The crew filming the documentary described how difficult it was for them to watch boys as young as 10 writhing in agony, sometimes for up to a day after the bullet ant ritual. Some do not survive the ordeal. The Western cameramen wanted to administer medicine, or explain to the tribe’s elders why this practice is cruel and senseless—little better than flogging your children to toughen them up. Instead, they lapsed into vague soliloquies about respecting the values of different cultures, and how they shouldn’t judge those cultures by Western standards, because their morality is different. The conclusion of the program was a virtual ode to cultural relativism, justifying essentially anything a people considers traditional, no matter how despicable.
The contrast was remarkable to me, with my daughter in her hospital gown nearby, rifling through toys, celebrating her freedom from the IV drip.
I thought of this scene once more this week as I read a piece at Fox News by Ayaan Hirsi Ali, founder of an advocacy group for women and girls suffering injustice. She was prompted by news that a Michigan grand jury has indicted three people, two of them physicians, for participating in and conspiring to hide female genital mutilations right here in the United States. It’s the first ever such indictment in this country, inspiring hope for Ali (who was herself a victim) and fellow advocates who’ve long warned that this barbaric practice is shockingly common in America.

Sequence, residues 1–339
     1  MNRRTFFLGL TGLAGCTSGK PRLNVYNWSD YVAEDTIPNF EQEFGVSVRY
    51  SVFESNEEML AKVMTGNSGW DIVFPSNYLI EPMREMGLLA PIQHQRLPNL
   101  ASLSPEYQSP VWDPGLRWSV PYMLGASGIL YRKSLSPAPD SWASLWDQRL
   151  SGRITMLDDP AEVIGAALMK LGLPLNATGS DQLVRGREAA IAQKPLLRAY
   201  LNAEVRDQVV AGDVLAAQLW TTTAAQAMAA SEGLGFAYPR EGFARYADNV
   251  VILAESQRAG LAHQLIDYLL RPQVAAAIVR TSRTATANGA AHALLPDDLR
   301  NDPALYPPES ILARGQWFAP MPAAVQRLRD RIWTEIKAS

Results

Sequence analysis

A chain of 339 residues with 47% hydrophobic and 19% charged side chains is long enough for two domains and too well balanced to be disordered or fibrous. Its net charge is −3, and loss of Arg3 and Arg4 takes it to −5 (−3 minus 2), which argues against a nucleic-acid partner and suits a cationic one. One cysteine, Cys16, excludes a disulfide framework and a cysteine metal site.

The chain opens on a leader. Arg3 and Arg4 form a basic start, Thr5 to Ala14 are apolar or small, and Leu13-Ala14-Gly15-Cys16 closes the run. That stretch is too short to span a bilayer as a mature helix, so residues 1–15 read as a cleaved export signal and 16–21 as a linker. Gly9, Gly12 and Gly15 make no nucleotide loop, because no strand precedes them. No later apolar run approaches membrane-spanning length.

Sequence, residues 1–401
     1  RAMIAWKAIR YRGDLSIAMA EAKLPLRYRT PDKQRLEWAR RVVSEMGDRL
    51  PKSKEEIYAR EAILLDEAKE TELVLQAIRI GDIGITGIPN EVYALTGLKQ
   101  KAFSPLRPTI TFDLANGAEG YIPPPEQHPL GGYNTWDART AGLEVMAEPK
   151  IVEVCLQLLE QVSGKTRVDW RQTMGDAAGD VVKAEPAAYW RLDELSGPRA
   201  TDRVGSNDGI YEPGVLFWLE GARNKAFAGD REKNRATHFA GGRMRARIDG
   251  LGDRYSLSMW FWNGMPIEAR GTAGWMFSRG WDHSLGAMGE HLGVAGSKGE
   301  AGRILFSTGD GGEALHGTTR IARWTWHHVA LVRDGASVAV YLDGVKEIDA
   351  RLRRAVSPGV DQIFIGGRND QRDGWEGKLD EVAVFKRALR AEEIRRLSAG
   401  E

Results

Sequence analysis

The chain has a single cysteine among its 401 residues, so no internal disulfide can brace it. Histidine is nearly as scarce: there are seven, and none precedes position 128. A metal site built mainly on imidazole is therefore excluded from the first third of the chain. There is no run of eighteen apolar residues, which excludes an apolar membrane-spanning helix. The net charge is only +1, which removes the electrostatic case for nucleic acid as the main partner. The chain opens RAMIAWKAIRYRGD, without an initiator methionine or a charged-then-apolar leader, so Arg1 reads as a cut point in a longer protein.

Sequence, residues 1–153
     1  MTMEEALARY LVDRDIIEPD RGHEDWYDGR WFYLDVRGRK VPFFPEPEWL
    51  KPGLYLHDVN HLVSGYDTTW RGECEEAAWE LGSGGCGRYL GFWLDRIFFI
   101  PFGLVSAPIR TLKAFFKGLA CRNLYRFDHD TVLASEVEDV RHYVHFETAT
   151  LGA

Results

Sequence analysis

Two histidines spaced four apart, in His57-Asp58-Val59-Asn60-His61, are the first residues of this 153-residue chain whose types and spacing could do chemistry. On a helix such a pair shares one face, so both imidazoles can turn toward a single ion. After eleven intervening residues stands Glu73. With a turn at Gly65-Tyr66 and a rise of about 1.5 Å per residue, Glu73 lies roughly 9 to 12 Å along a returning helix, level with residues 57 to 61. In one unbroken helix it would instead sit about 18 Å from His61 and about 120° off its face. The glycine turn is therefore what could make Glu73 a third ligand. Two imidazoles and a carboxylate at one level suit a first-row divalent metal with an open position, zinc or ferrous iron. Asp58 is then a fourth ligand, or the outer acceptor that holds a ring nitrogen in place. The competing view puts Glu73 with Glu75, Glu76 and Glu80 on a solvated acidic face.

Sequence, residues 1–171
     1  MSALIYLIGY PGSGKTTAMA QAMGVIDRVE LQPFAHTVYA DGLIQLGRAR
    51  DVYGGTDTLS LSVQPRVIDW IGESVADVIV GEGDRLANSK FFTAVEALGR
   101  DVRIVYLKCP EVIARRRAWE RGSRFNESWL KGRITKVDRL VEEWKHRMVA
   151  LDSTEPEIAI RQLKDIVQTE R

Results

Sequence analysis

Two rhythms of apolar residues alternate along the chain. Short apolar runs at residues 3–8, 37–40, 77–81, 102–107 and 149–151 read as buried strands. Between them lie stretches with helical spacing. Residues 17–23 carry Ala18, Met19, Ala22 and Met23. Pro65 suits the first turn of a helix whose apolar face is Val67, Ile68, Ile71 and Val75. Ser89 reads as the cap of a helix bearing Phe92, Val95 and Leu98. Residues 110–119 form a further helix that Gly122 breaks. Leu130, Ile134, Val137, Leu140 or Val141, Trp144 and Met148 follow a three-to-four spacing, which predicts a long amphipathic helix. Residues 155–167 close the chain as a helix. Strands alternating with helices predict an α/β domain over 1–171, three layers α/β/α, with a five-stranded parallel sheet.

Female genital mutilation (FGM) has been practiced for generations in some African and Middle Eastern cultures. Sometimes misleadingly called “female circumcision,” it involves cutting or scraping off all or part of the clitoris and labia, rendering women less capable of sexual pleasure and therefore (as the rationale goes) less likely to engage in premarital sex. (I say “misleading” because if you read about the tissues involved, male circumcision is a comparatively minor operation. Doctors say the female version is—if you’ll pardon my frankness—the equivalent of lopping off the male member.)